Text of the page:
Please use this identifier to cite or link to this item:
|Authors: ||Carbone, D.*|
|Title: ||Insights into the internal dynamics of Etna volcano through discrete and continuous microgravity observations|
|Issue Date: ||2006|
|Keywords: ||Mt Etna|
|Abstract: ||Discrete and continuous microgravity observations have been routinely performed at Mt.
Etna since 1986 and 1998, respectively. Besides furnishing a full view of how gravity
measurements from Etna are accomplished and reduced, this paper is a collection of case
studies aimed at demonstrating the potential of microgravity studies to investigate the
plumbing system of an active volcano and detect forerunners to paroxysmal volcanic events.
As for discrete measurements, case studies relative to the 1994-96 and 2001 periods are
reported. During the first period, the observed gravity changes are interpreted within the
framework of the strombolian activity which occurred from the summit craters. Gravity
changes observed during the first 9 months of 2001 are directly related to the underground
mass redistributions who preceded, accompanied and followed the July-August 2001 flank
eruption of Etna.
As for continuous measurements, a three-year (1998-2000) sequence and a 48-hour (26-28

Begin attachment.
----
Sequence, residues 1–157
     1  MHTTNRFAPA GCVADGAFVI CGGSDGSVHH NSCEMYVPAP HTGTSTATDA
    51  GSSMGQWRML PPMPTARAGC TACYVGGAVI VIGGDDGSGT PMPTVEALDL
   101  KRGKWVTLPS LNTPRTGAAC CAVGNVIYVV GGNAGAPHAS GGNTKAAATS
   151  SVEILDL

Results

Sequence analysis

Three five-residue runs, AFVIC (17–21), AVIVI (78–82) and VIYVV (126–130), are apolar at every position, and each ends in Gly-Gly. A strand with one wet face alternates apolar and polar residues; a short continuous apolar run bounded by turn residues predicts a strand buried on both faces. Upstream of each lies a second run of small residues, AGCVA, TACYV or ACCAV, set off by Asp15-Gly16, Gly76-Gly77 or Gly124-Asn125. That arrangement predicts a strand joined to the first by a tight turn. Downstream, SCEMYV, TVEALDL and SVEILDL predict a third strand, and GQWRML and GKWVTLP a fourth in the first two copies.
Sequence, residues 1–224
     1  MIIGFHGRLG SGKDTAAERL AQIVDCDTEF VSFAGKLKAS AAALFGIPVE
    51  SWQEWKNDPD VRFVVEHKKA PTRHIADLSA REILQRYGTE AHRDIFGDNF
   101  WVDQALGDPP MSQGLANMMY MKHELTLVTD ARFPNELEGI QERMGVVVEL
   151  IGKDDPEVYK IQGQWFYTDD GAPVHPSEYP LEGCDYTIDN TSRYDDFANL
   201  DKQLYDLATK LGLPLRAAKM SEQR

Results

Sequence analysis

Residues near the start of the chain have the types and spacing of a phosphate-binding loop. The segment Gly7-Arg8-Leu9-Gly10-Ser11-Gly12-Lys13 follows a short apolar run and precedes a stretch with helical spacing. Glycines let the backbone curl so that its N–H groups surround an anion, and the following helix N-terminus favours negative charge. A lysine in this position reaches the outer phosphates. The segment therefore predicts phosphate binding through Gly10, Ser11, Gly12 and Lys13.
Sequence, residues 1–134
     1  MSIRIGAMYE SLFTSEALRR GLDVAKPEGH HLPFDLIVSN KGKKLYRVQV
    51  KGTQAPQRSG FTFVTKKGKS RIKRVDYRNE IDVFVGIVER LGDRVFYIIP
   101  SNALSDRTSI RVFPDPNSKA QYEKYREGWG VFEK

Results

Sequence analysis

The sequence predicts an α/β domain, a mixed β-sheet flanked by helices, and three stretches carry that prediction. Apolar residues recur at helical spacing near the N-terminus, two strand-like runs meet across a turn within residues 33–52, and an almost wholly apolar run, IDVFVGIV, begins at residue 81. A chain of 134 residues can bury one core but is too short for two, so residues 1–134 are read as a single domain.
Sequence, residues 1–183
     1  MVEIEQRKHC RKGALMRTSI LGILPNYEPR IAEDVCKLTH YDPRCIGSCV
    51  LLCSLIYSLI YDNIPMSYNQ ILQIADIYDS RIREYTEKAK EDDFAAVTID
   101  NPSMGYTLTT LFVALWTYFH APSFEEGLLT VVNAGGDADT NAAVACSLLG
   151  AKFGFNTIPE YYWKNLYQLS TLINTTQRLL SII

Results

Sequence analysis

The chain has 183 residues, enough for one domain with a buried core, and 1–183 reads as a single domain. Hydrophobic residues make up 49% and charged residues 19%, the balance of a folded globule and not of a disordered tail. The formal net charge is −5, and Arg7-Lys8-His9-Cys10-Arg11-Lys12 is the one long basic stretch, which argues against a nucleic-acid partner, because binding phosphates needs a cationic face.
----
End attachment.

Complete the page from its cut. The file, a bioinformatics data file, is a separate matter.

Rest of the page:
October 2002) sequence, both from PDN station, are presented and discussed. The first one is
maybe the longest continuous gravity sequence ever acquired at a station very close to the
summit zone of an active volcano. It allows to discover the cyclic character of a source whose
geometrical characteristics are retrieved through data from discrete measurements.
The second sequence is also likely to represent an unique item: a gravity sequence
encompassing the onset of an eruption and coming from a station only 1.5 km from the
eruptive fissures. It allows some constraints to be set on the characteristics of the intrusive
mechanism leading to the eruption.|
|Appears in Collections:||Manuscripts|
04.08.06. Volcano monitoring
04.03.06. Measurements and monitoring
Files in This Item:
|971.pdf||66.38 kB||Adobe PDF||View/Open
Items in DSpace are protected by copyright, with all rights reserved, unless otherwise indicated.